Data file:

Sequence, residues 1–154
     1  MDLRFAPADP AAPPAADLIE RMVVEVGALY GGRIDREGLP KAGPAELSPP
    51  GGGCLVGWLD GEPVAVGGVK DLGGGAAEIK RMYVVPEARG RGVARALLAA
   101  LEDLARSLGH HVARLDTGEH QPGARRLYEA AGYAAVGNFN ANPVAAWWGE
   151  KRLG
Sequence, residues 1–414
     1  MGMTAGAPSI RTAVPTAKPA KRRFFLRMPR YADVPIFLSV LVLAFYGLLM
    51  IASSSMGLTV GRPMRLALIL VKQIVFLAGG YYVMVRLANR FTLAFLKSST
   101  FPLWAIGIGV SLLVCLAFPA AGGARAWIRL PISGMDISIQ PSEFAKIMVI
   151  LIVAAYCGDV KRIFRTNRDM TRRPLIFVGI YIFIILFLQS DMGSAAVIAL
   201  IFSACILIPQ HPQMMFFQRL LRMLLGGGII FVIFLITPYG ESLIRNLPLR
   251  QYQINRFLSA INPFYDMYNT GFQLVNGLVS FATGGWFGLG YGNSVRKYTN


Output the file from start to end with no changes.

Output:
Sequence, residues 1–154
     1  MDLRFAPADP AAPPAADLIE RMVVEVGALY GGRIDREGLP KAGPAELSPP
    51  GGGCLVGWLD GEPVAVGGVK DLGGGAAEIK RMYVVPEARG RGVARALLAA
   101  LEDLARSLGH HVARLDTGEH QPGARRLYEA AGYAAVGNFN ANPVAAWWGE
   151  KRLG
Sequence, residues 1–414
     1  MGMTAGAPSI RTAVPTAKPA KRRFFLRMPR YADVPIFLSV LVLAFYGLLM
    51  IASSSMGLTV GRPMRLALIL VKQIVFLAGG YYVMVRLANR FTLAFLKSST
   101  FPLWAIGIGV SLLVCLAFPA AGGARAWIRL PISGMDISIQ PSEFAKIMVI
   151  LIVAAYCGDV KRIFRTNRDM TRRPLIFVGI YIFIILFLQS DMGSAAVIAL
   201  IFSACILIPQ HPQMMFFQRL LRMLLGGGII FVIFLITPYG ESLIRNLPLR
   251  QYQINRFLSA INPFYDMYNT GFQLVNGLVS FATGGWFGLG YGNSVRKYTN